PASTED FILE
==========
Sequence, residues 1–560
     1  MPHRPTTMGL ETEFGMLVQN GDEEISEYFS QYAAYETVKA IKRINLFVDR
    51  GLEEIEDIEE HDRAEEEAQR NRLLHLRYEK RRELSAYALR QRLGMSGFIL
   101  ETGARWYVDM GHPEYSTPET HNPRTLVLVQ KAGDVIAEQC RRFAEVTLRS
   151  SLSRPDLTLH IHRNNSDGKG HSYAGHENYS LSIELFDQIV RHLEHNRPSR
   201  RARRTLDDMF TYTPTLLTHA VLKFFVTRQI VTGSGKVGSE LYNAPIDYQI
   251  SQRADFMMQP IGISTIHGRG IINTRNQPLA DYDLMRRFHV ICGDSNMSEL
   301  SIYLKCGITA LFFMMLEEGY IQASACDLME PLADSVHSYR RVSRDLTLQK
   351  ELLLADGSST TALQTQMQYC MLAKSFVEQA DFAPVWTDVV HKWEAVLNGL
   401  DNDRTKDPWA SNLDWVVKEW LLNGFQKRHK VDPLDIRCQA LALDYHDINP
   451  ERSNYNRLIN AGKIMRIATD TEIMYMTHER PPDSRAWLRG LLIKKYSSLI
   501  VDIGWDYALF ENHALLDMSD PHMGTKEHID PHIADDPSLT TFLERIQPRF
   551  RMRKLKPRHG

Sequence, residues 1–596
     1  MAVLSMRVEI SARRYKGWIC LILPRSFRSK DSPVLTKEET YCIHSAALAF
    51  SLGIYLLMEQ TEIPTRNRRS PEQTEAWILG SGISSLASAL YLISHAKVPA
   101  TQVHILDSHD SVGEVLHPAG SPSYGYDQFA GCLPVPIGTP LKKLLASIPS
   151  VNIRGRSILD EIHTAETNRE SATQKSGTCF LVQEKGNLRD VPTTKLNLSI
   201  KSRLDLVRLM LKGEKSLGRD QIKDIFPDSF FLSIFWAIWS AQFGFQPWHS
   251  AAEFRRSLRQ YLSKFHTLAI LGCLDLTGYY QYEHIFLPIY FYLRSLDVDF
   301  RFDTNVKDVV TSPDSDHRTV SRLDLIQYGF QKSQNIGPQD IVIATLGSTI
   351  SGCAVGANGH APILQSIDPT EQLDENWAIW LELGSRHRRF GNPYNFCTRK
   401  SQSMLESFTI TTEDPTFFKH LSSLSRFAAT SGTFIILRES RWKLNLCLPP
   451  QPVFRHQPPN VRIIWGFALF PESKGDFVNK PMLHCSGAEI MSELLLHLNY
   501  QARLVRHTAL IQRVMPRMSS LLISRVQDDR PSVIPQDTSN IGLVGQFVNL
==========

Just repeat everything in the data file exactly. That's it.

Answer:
Sequence, residues 1–560
     1  MPHRPTTMGL ETEFGMLVQN GDEEISEYFS QYAAYETVKA IKRINLFVDR
    51  GLEEIEDIEE HDRAEEEAQR NRLLHLRYEK RRELSAYALR QRLGMSGFIL
   101  ETGARWYVDM GHPEYSTPET HNPRTLVLVQ KAGDVIAEQC RRFAEVTLRS
   151  SLSRPDLTLH IHRNNSDGKG HSYAGHENYS LSIELFDQIV RHLEHNRPSR
   201  RARRTLDDMF TYTPTLLTHA VLKFFVTRQI VTGSGKVGSE LYNAPIDYQI
   251  SQRADFMMQP IGISTIHGRG IINTRNQPLA DYDLMRRFHV ICGDSNMSEL
   301  SIYLKCGITA LFFMMLEEGY IQASACDLME PLADSVHSYR RVSRDLTLQK
   351  ELLLADGSST TALQTQMQYC MLAKSFVEQA DFAPVWTDVV HKWEAVLNGL
   401  DNDRTKDPWA SNLDWVVKEW LLNGFQKRHK VDPLDIRCQA LALDYHDINP
   451  ERSNYNRLIN AGKIMRIATD TEIMYMTHER PPDSRAWLRG LLIKKYSSLI
   501  VDIGWDYALF ENHALLDMSD PHMGTKEHID PHIADDPSLT TFLERIQPRF
   551  RMRKLKPRHG

Sequence, residues 1–596
     1  MAVLSMRVEI SARRYKGWIC LILPRSFRSK DSPVLTKEET YCIHSAALAF
    51  SLGIYLLMEQ TEIPTRNRRS PEQTEAWILG SGISSLASAL YLISHAKVPA
   101  TQVHILDSHD SVGEVLHPAG SPSYGYDQFA GCLPVPIGTP LKKLLASIPS
   151  VNIRGRSILD EIHTAETNRE SATQKSGTCF LVQEKGNLRD VPTTKLNLSI
   201  KSRLDLVRLM LKGEKSLGRD QIKDIFPDSF FLSIFWAIWS AQFGFQPWHS
   251  AAEFRRSLRQ YLSKFHTLAI LGCLDLTGYY QYEHIFLPIY FYLRSLDVDF
   301  RFDTNVKDVV TSPDSDHRTV SRLDLIQYGF QKSQNIGPQD IVIATLGSTI
   351  SGCAVGANGH APILQSIDPT EQLDENWAIW LELGSRHRRF GNPYNFCTRK
   401  SQSMLESFTI TTEDPTFFKH LSSLSRFAAT SGTFIILRES RWKLNLCLPP
   451  QPVFRHQPPN VRIIWGFALF PESKGDFVNK PMLHCSGAEI MSELLLHLNY
   501  QARLVRHTAL IQRVMPRMSS LLISRVQDDR PSVIPQDTSN IGLVGQFVNL